Stan Brakhage: Burial Path (1978) - Can't Stop the Movies
Can't Stop the Movies

Stan Brakhage: Burial Path (1978)

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Many of Stan Brakhage's films are available for viewing in multiple venues.  You can watch Burial Path here.

Burial Path - 1978 I’m most interested in Stan Brakhage’s films when they deal with death.  Brakhage is never morbid about the subject and approaches it with a form of artful realism.  Death is never the explicit subject but sort of sneaks up on the viewed Brakhage’s careful distortion.  The bodies of The Act of Seeing with One’s Own Eyes do not seem to be dead until the carving instruments come out to start the autopsy on each corpse.  Even when dealing with death through symbols, such as in The Dead, Brakhage’s camera does make it clear that we are observing graves before making the connection to the humans still alive.

Like these films, Burial Path does not seem to be about death at first.  The opening seconds contain one of Brakhage’s most brilliant visual misdirections.  We look at  what appears to be a drawing of a bird then the contrast lessens quickly, and what once appeared to be an illustration becomes the physical body of the bird laying in a box.  There’s barely time to process this realization of death before the camera begins observing the air and engages in quick, blurry close-ups of trees and other outdoor locations.

What Brakhage does, to great success, is create a monument to the memory of flight for a bird who has recently passed away. This ties in directly to the last Brakhage film I watched, The Process, that concerned human perception.  That already displayed a great level of empathy but with Burial Path Brakhage is opening up an entirely new realm of empathetic sensation.  Flight is imperfectly recreated and considering the technical limitations of the gear he was working with we shouldn’t expect that he would be able to.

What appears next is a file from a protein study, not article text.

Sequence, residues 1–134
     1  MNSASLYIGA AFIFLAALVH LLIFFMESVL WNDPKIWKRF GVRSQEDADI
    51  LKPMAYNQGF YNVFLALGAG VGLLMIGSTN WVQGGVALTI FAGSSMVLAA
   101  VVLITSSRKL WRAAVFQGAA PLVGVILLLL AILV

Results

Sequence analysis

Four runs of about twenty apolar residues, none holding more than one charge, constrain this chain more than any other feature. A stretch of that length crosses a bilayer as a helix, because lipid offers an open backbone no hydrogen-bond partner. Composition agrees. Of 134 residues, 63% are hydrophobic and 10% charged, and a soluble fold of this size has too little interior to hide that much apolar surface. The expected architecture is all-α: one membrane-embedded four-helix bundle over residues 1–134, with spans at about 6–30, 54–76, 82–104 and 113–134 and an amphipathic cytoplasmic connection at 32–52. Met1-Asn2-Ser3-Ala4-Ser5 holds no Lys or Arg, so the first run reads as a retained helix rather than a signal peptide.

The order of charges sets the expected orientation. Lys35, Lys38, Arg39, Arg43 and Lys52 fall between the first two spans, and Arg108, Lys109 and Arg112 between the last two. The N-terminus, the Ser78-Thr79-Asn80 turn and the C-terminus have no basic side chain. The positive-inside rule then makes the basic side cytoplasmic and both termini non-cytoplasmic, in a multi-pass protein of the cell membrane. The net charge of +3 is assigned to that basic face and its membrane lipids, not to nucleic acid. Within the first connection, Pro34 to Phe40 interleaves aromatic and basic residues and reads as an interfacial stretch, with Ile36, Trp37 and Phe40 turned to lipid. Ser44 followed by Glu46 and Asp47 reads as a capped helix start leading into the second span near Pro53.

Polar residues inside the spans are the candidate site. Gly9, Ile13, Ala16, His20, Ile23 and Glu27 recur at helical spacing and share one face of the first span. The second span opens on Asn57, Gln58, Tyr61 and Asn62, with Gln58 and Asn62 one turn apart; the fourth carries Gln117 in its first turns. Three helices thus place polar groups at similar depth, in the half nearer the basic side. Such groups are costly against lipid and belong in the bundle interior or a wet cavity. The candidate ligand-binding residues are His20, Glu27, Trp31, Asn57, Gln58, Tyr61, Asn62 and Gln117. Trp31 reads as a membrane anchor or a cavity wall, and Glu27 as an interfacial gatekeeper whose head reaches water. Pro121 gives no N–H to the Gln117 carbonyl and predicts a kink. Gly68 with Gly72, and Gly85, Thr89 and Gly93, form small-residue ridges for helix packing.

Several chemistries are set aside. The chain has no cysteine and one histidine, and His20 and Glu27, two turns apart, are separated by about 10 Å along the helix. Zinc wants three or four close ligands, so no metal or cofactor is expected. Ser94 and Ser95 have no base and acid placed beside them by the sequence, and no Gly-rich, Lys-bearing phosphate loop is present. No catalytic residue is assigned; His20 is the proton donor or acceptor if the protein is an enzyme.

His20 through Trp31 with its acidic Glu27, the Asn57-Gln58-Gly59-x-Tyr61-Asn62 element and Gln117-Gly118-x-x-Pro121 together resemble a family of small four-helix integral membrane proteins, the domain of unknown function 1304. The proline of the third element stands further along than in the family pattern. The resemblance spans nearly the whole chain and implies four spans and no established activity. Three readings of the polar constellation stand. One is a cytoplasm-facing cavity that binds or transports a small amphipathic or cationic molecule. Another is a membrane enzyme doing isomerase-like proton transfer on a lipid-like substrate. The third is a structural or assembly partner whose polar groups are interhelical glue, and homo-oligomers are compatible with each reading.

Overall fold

But what’s impressive is that he tries, through quick motions and great distortion, to create this sensation for us.  The editing here is extremely important as Brakhage presents this sensation through two cinematic time lines: one that takes place in order as the bird is respectfully buried, and the other as Brakhage simulates flight.  We have no means of reliably knowing what was going on in the mind of the dying bird but Brakhage doesn’t let that stop him from trying to create final sense memories we can experience for the bird.  This creature may not be able to experience the sensations that once made it unique compared to other life forms but through art we can try to understand.

Burial Path is a eulogy, and there’s some sad tenderness in the way the bird is buried with respect, but the tone is not mournful.  Instead we feel the excitement of possibly experiencing life in new ways through the tools we have available.  It’s another blinding, beautiful sentiment from Brakhage.

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Brakhage with text

Posted by Andrew

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